Health Equity Work Group

The Health Equity Work Group (formerly the Health Disparities Work Group) mission is to give greater visibility to health inequalities research at the University of Minnesota School of Public Health and nationally; develop collaborations with faculty and community partners; and ensure SPH students are well trained to work in a diverse society.

The HEWG meets quarterly and welcomes new members.

HEWG Member Spotlight

Faculty: Stuart W Grande, PhD, MPA

Lecturer/Researcher
Division of Health Policy and Management

As a medical sociologist Stuart teaches community and clinical engagement with a focus on cultural humility and upstream intervention design. Stuart holds a PhD in health behavior and an MPA in public management both from Indiana University in Bloomington. Prior to his coming to the University of Minnesota he completed a postdoctoral fellowship in Shared Decision Making (SDM) under the mentorship of Glyn Elwyn at the Dartmouth Institute for Health Policy and Clinical Practice. Stuart’s research examines the intersection of community and clinical practice. Specifically, he focuses on studying how co-designed tools and technologies work to guide meaningful health communication and mitigate bias at the point of care with a goal to improve care delivery, promote patient preferences, and support authentic clinical relationships.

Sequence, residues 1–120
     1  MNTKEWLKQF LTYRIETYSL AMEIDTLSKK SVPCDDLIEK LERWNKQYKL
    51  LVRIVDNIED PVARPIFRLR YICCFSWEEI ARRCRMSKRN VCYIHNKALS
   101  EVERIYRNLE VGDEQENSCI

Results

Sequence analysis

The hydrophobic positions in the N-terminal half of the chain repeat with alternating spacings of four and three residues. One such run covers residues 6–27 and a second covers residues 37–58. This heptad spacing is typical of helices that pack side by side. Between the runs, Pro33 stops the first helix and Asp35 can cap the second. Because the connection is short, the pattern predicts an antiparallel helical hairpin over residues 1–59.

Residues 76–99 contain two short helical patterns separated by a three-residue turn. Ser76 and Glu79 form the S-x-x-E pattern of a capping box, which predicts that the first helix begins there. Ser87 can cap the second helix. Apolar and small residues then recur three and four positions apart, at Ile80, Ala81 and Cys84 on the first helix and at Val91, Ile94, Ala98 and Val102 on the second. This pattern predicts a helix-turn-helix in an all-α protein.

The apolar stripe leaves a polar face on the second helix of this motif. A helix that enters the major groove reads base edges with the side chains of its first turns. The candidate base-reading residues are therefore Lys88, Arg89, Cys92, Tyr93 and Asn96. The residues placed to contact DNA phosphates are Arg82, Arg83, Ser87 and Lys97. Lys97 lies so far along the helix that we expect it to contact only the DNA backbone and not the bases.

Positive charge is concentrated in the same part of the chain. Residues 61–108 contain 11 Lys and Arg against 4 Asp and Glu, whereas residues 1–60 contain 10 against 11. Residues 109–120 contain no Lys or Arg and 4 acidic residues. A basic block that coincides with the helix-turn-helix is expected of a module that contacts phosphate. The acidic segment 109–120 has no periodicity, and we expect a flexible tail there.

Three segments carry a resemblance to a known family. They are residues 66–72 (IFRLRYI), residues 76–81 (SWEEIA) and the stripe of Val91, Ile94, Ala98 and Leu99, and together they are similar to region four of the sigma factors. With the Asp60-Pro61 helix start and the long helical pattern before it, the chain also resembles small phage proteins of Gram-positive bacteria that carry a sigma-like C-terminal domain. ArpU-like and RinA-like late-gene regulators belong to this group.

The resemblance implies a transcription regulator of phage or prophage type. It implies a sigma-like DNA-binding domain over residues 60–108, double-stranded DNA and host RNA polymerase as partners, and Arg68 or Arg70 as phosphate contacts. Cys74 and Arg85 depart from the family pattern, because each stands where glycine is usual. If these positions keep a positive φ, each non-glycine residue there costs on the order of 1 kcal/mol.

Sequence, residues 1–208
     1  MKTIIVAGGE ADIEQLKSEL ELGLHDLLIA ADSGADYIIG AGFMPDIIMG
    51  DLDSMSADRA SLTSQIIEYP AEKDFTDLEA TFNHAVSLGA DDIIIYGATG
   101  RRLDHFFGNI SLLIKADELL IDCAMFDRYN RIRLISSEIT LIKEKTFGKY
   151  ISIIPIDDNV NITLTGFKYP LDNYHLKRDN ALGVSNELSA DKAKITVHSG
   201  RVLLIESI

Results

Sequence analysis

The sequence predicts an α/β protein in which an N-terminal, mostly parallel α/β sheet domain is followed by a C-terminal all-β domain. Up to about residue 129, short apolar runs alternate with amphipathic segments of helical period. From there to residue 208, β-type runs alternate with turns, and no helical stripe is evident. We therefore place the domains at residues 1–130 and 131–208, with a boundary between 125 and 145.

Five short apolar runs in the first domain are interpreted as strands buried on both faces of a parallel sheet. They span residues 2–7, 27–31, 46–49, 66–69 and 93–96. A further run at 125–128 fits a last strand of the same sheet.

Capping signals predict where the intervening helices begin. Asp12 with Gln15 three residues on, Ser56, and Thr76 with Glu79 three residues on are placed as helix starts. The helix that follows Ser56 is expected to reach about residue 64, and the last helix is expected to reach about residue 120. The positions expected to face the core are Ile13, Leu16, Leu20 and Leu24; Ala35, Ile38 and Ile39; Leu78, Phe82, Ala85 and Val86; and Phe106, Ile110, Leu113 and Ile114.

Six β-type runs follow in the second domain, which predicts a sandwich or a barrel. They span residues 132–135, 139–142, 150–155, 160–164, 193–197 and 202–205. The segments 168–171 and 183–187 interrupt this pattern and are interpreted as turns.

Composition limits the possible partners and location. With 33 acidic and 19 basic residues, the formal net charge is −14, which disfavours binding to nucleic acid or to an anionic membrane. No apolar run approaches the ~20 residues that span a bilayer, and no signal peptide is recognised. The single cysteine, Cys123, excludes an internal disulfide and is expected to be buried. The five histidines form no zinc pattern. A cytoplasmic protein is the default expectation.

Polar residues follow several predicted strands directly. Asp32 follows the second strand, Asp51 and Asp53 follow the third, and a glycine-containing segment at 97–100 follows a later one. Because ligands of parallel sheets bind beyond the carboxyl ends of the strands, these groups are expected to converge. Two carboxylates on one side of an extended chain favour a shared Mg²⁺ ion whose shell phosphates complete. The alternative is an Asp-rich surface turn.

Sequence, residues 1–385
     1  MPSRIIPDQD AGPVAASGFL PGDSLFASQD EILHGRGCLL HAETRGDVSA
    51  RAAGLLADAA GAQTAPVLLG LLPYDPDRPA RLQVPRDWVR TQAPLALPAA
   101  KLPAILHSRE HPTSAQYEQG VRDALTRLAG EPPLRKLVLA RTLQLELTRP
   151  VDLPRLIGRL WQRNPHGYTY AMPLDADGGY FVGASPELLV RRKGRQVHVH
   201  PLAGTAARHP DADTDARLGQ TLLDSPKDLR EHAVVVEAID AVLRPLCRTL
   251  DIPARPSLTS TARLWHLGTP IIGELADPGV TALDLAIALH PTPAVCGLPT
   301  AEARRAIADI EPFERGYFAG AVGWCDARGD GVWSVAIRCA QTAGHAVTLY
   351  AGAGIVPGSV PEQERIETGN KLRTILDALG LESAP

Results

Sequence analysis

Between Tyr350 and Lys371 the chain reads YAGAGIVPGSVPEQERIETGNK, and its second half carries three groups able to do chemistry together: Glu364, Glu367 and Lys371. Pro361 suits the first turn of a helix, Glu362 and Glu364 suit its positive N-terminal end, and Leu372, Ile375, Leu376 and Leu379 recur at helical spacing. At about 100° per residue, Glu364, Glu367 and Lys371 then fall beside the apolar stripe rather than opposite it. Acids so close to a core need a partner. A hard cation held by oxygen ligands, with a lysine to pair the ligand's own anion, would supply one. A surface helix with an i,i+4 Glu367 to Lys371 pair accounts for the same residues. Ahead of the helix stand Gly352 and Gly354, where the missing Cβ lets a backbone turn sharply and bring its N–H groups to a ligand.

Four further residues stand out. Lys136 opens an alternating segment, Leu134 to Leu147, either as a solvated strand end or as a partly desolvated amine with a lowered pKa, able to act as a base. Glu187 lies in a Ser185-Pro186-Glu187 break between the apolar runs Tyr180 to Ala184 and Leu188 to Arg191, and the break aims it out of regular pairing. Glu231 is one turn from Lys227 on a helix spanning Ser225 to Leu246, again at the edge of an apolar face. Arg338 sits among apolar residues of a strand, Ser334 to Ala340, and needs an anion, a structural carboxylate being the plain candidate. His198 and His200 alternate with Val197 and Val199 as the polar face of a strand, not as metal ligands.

Student: Jenny Chomilo

Jenny Chomilo will be graduating with a Master of Public Health from the Executive Public Health Practice program and a graduate minor in Health Equity in Summer 2021. She holds a Master of Nursing from the University of Minnesota, and Bachelor of Science in Business with a minor in Entrepreneurship from Miami University. Jenny currently works as a school nurse consultant at KIPP Minnesota with plans to eventually pursue a Doctor of Nursing Practice (DNP) degree specializing in pediatric primary care.

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Jenny became interested in health equity during her time working as a pediatric nurse in the hospital and an adult oncology clinic nurse and seeing the disparities in health and access to health care first hand. This became even more realized when she was on the other side of health care dealing with a complicated pregnancy and was subsequently hospitalized on bedrest for 7 weeks followed by a 4 week NICU stay for her son. It was at this time that Jenny saw the inequities in preterm birth and how challenging the whole experience can be for families and their community.

During her time at the University of Minnesota, Jenny has focused her academic studies on the health inequities of Black and American Indian pregnant persons, in particularly focusing on preterm birth disparities. She also has been an active member of the Health Equity Work Group (HEWG) in addition to both the Student and Community Engagement subcommittees.

In her free time, Jenny likes to spend time with her husband Nate and their 4 year old son Nchare, watching movies and going on outdoor adventures.

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